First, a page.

The Office of the President will take the biggest cut in this latest reduction. Its budget will be reduced by 10 percent or about $5 million. In addition, a portion of the $35 million cut will be specifically targeted to hospitals and clinical teaching programs. Moreover, Peltason said he has appointed a committee of senior campus and Office of the President administrators and faculty representatives to evaluate all activities within the Office of the President with a goal of cutting expenditures by another 10 percent in 1994-95. The committee's findings will be independently evaluated by the faculty Academic Council to assess whether any further economies can be achieved. The total process is expected to result in the elimination of some functions and a reduction in others. The Office of the President will also explore possibility of moving to less expensive facilities when leases expire and to cut back on lease space wherever possible.
: Student fees are recommended to increase an additional $390 per year next fall beyond the $605 already approved. This will raise the average fees for resident undergraduate students in 1993-94 from the previously approved $3,649 to $4,039 a year. With the proposed increase, fees will have gone up about 150 percent in four years. At the same time, UC will devote the highest percentage ever of a fee increase to financial aid. One-third of the revenue from the new increase ($22 million) will be used to maintain UC's commitment to cover the fee increase for needy students. With the added financial aid, UC will have increased its aid to students by about $107 million in four years.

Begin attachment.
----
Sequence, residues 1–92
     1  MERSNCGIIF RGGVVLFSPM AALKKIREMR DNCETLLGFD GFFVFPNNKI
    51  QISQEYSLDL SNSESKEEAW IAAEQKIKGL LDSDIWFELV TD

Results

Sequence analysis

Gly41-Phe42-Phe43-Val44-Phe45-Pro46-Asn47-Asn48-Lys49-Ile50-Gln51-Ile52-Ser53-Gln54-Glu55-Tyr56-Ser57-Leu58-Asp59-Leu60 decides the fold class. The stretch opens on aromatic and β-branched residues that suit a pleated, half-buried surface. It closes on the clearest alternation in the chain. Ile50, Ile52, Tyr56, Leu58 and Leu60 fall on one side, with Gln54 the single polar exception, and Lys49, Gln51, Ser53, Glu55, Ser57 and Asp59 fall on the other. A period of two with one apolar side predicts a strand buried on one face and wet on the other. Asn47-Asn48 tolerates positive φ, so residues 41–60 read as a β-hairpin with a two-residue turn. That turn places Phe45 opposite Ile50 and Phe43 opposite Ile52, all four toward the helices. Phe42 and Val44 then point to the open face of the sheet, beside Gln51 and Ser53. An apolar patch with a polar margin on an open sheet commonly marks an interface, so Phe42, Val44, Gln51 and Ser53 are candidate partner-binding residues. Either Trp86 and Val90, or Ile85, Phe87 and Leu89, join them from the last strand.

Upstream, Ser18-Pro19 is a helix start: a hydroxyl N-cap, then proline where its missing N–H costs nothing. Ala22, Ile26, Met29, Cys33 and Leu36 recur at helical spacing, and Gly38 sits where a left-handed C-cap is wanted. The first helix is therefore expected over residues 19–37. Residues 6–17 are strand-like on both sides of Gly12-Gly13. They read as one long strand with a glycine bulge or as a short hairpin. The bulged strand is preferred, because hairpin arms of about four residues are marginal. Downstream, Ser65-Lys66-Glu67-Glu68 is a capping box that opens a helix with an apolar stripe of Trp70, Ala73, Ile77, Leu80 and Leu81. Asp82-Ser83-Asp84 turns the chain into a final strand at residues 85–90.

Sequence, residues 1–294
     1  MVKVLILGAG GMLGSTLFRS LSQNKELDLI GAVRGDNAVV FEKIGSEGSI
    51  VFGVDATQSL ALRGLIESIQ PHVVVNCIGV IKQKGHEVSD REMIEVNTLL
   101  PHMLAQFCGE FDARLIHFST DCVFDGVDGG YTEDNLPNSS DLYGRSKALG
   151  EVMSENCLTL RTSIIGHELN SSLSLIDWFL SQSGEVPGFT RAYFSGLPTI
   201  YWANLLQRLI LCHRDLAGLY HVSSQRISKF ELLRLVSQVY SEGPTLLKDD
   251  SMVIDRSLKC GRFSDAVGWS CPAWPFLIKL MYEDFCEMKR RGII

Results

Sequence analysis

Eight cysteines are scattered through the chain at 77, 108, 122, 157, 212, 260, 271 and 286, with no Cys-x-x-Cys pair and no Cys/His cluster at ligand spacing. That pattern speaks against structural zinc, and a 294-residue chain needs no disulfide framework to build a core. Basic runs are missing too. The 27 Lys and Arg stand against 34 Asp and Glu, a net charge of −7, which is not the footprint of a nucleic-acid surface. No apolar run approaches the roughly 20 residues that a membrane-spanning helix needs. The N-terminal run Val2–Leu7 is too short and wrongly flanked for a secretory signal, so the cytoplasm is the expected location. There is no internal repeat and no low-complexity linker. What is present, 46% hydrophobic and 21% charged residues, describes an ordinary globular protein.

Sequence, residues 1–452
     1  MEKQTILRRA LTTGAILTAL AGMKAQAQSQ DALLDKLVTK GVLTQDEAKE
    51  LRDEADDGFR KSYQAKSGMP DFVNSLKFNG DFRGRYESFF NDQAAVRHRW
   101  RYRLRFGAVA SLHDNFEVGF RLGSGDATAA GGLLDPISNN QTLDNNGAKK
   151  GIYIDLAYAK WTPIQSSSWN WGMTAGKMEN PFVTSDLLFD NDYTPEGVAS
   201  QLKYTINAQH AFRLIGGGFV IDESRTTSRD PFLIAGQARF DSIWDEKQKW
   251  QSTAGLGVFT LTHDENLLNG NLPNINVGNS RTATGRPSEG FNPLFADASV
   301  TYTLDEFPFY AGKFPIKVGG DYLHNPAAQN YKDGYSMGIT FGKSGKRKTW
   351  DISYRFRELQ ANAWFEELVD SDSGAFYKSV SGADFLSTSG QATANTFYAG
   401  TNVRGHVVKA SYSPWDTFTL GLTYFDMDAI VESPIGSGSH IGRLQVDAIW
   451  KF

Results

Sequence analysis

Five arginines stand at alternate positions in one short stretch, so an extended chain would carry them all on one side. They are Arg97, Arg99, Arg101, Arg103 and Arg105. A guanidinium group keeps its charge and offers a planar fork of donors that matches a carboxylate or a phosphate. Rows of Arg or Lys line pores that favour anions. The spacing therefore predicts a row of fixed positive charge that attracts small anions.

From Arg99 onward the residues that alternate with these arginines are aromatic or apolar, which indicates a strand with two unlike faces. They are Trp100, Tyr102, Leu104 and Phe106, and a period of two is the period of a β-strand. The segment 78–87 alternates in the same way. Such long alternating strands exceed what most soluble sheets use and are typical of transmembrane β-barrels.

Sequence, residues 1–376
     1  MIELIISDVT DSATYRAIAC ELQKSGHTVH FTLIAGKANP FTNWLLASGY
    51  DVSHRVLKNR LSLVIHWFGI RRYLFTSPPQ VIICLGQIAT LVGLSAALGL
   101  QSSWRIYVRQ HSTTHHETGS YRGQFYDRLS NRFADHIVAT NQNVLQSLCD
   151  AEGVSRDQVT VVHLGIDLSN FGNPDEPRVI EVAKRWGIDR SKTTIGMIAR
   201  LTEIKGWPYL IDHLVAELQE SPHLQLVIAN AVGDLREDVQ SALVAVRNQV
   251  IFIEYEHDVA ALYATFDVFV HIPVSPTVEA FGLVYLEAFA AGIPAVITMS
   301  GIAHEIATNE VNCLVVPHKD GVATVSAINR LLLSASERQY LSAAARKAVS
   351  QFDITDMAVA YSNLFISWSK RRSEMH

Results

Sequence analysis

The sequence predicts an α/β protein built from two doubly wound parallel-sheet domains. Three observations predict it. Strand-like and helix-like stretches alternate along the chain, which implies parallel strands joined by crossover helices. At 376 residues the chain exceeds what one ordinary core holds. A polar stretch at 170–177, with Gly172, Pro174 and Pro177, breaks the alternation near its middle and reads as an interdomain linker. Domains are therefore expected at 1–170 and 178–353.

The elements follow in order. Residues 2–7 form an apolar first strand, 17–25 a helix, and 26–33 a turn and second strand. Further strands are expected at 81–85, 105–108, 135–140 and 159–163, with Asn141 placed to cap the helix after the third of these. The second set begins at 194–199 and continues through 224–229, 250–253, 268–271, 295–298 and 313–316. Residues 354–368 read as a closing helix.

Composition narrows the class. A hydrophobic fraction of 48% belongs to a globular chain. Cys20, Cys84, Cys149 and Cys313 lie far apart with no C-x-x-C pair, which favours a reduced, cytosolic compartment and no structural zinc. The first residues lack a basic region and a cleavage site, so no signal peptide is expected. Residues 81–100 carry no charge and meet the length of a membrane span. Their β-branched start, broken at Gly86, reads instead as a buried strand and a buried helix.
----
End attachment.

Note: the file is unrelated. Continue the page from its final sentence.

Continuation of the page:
: Cuts will be made in a wide range of expenditures such as allocations for library books and classroom equipment. Health benefits for employees would be capped at the lowest cost plan with employees picking up all the added cost for higher-priced options. A third voluntary early retirement program is also being proposed to help bridge the gap until longer term cost reduction programs can be put in place. Details of the early retirement program will be developed through an internal consultation process and a proposal will be presented to the Regents for approval in the next few months. It is envisioned that the early retirement plan would be put in place for staff no later than Jan. 1, 1994 and for faculty no later than July 1, 1994. In planning for the long term, Peltason noted that the faculty Academic Council has recommended accelerating the process for reviewing academic programs. Some programs may be reduced, consolidated or eliminated as a result, while others will be strengthened. The net result, he said, should be substantial savings, but it will take four to five years to completely implement because students already enrolled must be allowed time to complete their degree work. Since 1990-91, state funding for the University has fallen nearly a billion dollars below normal funding increases for inflation and workload growth. Student fee increases have made up about 27 percent of the shortfall with the remainder of the savings coming from workforce reductions and salary freezes and the proposed cut in pay. Under the governor's proposed budget for 1993-94, state funding for the University will have decreased by nearly $400 million in three years. Next year's proposed state funding for UC of $1.7 billion is less than what the University received from the state in 1986- 87. In the intervening seven years, inflation has increased by 32 percent and UC has enrolled 10,000 more students.